Former Los Angeles Ballet and Alabama Ballet dancer Samuel Akins paid for his own visa to move to Australia a year ago, but has found the almost entirely white dance community there unwilling to hire him. Although he doesn't mention names, in this video he relates how a director of an arts foundation in Australia told him, "Ballet was created for a certain type of person. It was envisioned to be danced by a certain type of person."

As he's watched the recent events in the United States unfold, he says, "I have cried every single day this week. I don't have a tear left in my body. But I'm not giving up."

Felipe Domingos Asks Finnish National Ballet to Not Let Choreographers Cast Based on Skin Color

With the hashtags #enoughisenough and #nomoresilence, former Finnish National Ballet dancer Felipe Domingos shares how a choreographer there took him out of a ballet purely because of his skin color, telling him that he would draw too much attention and that the dancers needed to be uniform. Rather than addressing the issue, company leadership gave Domingos a letter of apology.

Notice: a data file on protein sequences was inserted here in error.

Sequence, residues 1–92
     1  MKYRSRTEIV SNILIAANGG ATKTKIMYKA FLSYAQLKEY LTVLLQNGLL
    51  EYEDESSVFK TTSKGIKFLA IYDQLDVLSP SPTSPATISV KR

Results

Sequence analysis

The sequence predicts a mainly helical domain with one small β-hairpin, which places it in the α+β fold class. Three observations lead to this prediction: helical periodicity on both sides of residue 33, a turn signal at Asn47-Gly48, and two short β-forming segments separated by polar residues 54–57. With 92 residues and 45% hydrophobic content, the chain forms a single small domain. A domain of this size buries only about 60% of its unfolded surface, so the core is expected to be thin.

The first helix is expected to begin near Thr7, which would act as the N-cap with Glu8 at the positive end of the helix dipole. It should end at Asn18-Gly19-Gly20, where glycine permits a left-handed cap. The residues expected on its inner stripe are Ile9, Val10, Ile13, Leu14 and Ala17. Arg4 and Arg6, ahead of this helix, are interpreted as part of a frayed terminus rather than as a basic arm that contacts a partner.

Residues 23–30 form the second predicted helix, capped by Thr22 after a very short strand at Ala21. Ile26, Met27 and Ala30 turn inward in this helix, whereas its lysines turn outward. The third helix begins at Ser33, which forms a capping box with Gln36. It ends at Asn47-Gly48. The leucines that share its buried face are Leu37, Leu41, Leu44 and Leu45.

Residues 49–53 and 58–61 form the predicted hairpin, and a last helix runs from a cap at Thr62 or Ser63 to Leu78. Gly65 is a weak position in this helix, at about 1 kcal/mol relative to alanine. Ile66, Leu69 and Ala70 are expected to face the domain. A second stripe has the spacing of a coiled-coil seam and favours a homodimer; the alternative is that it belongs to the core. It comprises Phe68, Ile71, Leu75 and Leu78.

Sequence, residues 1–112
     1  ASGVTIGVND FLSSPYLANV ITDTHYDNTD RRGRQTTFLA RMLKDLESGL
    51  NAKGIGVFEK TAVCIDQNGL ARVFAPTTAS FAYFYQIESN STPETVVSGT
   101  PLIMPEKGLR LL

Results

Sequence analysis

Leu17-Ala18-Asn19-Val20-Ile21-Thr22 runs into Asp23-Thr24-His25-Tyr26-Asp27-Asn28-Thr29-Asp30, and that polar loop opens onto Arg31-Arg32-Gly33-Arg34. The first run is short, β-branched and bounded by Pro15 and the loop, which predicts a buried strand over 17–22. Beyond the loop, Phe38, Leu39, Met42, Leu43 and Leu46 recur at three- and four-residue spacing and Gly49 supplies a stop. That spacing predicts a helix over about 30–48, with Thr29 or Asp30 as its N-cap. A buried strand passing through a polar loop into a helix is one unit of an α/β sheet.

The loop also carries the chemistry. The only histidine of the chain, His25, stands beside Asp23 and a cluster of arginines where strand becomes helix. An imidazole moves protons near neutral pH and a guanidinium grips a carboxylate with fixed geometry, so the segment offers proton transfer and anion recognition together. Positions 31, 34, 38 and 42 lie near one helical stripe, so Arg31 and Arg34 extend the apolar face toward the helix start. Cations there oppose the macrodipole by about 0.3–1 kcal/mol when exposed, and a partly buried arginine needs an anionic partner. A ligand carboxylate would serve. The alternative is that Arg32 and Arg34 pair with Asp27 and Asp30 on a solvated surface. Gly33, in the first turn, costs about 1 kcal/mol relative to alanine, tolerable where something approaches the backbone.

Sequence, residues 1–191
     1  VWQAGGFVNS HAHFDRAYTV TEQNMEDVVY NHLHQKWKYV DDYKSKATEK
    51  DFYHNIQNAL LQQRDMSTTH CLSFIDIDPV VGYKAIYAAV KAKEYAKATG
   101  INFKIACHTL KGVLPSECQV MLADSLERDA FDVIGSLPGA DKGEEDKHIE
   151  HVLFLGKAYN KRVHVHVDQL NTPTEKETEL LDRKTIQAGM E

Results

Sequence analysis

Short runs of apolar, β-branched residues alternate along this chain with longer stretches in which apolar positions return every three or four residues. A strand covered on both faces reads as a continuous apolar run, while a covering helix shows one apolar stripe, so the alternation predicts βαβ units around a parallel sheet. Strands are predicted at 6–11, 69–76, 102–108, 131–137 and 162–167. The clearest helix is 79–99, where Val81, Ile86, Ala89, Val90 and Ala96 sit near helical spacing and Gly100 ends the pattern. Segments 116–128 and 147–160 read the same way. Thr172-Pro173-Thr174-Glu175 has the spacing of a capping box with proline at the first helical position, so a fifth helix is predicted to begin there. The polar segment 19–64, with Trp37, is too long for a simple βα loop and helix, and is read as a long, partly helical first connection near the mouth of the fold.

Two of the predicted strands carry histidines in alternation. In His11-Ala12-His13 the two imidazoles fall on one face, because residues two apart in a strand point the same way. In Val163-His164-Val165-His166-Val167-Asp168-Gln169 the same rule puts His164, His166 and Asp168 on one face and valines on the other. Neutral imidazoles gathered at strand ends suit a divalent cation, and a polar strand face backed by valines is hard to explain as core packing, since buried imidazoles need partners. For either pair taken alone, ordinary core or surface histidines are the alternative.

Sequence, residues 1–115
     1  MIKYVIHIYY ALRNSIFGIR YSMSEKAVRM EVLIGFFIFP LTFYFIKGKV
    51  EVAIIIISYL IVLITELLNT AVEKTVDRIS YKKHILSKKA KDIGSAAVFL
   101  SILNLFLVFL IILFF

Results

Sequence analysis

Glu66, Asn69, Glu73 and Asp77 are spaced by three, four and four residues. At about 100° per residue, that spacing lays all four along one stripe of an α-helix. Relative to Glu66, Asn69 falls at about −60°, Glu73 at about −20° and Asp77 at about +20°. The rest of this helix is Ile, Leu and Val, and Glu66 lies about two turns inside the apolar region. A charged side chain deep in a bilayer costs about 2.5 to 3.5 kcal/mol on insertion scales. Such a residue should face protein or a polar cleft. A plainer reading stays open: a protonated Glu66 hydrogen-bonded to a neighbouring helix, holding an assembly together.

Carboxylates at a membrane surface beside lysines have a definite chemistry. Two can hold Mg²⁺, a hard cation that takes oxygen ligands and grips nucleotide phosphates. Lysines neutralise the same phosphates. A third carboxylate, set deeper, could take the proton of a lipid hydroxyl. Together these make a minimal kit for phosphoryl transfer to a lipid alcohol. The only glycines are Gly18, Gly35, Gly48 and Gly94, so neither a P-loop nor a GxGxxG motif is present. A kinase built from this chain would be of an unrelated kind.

(To read Domingos' direct post in English, click the "See Translation" button on Instagram.)

Gabrielle Salvatto asks Ballet West to Be More Aware

In a post titled "Black Faces in White Spaces" on Interview En l'Air, Ballet West's Gabrielle Salvatto details her experiences training and performing as a Black woman in ballet. After moving from New York City to dance with Ballet West in Utah, where only 1.4 percent of the population is African-American, Salvatto experienced a culture shock. She writes: